Researchers at the University of Pennsylvania have drawn a U.S. map of sleep – and sleeplessness.
A research team at the Perelman School of Medicine gathered up data about sleep problems all over the country, and mapped it out state-by-state.
The good news for Philadelphia is that there seems to be a connection between a good night’s slep and an otherwise healthy lifestyle.
The bad news is we’re not actually on this map. Pennsylvania is among 14 other states that didn’t include questions about sleep in the 2006 Behavioral Risk Factor Surveillance System (BRFSS) that provided the data.
That health survey is conducted by individual state health departments. And for some reason, the Pennsylvania Department of Health didn’t care how well rested we were.
Why is that, anyway?
Still, the map shows some interesting things. For some reason, people in California sleep really well. On the other hand, a tight cluster of Southern states have been waking up all night, and dragging themselves through the day.
The top map, which measures sleep disturbances, shows a solid patch of red covering Oklahoma, Arkansas, Louisiana, Mississippi and Alabama. The bottom map, illustrating daytime fatigue, shows high rates in about the same area – swapping in Missouri for Louisiana.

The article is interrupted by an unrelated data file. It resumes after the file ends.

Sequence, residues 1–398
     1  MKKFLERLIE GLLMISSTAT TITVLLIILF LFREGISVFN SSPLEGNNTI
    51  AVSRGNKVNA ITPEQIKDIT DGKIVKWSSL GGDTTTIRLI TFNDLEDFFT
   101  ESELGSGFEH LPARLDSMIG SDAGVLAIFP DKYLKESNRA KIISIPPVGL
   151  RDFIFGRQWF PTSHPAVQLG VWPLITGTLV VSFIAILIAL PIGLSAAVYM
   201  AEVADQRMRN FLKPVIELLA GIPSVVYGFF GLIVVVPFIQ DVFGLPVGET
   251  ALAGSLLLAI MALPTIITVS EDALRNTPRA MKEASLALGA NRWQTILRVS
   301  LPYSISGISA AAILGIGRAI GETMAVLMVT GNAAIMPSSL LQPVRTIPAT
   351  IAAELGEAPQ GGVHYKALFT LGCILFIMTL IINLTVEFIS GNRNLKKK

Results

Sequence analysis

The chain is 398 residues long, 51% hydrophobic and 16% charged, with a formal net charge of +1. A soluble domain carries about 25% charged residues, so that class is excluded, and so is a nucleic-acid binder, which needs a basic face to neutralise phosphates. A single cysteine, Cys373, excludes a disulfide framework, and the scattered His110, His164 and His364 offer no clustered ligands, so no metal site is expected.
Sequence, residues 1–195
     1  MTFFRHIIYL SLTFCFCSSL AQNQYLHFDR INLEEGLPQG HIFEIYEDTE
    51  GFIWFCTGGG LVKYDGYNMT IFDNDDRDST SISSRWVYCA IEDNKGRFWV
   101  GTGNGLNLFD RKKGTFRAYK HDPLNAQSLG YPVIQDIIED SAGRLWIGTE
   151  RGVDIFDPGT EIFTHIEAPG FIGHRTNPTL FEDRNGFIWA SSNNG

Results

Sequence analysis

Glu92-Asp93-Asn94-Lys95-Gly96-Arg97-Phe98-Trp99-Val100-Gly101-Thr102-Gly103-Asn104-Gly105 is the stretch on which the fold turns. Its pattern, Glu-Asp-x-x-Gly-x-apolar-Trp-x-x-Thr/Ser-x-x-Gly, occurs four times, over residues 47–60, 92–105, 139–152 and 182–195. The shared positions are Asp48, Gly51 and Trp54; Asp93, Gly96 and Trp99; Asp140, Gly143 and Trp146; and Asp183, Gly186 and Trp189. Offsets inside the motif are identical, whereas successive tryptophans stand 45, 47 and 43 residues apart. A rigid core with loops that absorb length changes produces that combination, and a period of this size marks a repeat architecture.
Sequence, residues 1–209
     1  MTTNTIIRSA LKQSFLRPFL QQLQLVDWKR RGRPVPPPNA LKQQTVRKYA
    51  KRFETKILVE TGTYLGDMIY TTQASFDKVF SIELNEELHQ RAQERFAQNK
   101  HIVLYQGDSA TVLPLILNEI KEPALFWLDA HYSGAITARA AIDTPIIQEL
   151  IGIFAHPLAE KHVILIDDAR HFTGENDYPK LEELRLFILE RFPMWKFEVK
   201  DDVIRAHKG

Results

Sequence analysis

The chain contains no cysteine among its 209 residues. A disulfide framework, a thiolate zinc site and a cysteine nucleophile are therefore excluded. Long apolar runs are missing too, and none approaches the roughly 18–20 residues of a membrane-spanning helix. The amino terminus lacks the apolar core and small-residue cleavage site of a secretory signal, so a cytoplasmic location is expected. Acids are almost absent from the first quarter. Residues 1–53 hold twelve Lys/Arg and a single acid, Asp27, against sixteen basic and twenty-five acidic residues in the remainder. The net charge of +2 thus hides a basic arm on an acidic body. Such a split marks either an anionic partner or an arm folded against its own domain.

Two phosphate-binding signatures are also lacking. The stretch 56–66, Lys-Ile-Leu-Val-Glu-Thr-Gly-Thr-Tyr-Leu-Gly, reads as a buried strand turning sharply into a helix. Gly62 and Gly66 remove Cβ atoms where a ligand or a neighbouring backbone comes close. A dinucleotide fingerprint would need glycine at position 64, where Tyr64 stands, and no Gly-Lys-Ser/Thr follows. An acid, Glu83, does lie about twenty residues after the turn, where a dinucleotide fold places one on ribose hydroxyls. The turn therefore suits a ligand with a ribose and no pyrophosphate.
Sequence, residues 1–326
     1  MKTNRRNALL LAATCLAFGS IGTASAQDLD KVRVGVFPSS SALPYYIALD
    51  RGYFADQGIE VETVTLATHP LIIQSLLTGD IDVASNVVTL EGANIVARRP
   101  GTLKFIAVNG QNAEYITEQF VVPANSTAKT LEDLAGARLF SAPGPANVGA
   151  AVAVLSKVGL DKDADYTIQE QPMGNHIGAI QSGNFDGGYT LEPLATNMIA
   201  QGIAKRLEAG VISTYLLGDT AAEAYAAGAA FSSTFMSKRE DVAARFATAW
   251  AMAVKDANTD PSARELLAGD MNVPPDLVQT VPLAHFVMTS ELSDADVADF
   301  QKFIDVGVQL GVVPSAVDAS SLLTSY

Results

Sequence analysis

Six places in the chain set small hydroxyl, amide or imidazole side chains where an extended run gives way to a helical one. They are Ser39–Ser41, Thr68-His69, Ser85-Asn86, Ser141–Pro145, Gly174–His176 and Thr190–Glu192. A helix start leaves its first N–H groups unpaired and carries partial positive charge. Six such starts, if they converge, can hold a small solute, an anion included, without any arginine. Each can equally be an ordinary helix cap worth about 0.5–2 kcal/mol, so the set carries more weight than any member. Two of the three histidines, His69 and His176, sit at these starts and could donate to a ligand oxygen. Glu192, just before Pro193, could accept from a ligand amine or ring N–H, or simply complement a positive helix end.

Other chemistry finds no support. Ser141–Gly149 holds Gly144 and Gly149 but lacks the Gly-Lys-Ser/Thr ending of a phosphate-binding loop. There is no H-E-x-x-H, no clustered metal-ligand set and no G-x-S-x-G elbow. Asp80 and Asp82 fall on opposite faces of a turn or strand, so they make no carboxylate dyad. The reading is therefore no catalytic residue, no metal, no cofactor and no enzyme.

A lot of things contribute to that, according to Dr. Michael A. Grandner, research associate at the Center for Sleep and Circadian Neurobiology at Penn and lead author of the study. It could be patterns of mental health, race/ethnicity, access to healthcare, weather and so forth.
The most significant factors seem to be overall mental and physical health. For instance, all the red states in both maps have among the top 11 highest percentage of obese people, also according to results from the BRFSS.
Refreshed and restful California, on the other hand, is way down at the bottom of that list – only the 40th most obese state.
That’s good for Pennsylvania, which has only the 19th highest percentage of obesity. And Philadelphia, once America’s fattest city, no longer even waddles into the top 10.
But even after calculating for all that, researchers still found more patterns, which are kind of a mystery.
“What else could explain it?” he asked. “Maybe differences in culture, differences in attitudes about health or attitudes about sleep.”